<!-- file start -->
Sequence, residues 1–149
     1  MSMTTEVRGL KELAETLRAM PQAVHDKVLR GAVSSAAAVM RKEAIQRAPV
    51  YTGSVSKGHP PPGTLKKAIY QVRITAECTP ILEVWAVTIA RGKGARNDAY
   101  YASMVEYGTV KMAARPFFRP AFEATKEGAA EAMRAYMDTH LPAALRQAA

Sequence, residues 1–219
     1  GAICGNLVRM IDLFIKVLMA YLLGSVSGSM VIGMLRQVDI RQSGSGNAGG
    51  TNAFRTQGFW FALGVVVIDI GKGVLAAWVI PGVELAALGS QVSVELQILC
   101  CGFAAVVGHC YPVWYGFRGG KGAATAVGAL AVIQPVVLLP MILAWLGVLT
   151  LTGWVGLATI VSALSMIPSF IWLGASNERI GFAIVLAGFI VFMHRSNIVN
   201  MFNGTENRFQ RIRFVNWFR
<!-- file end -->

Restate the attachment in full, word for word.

Sequence, residues 1–149
     1  MSMTTEVRGL KELAETLRAM PQAVHDKVLR GAVSSAAAVM RKEAIQRAPV
    51  YTGSVSKGHP PPGTLKKAIY QVRITAECTP ILEVWAVTIA RGKGARNDAY
   101  YASMVEYGTV KMAARPFFRP AFEATKEGAA EAMRAYMDTH LPAALRQAA

Sequence, residues 1–219
     1  GAICGNLVRM IDLFIKVLMA YLLGSVSGSM VIGMLRQVDI RQSGSGNAGG
    51  TNAFRTQGFW FALGVVVIDI GKGVLAAWVI PGVELAALGS QVSVELQILC
   101  CGFAAVVGHC YPVWYGFRGG KGAATAVGAL AVIQPVVLLP MILAWLGVLT
   151  LTGWVGLATI VSALSMIPSF IWLGASNERI GFAIVLAGFI VFMHRSNIVN
   201  MFNGTENRFQ RIRFVNWFR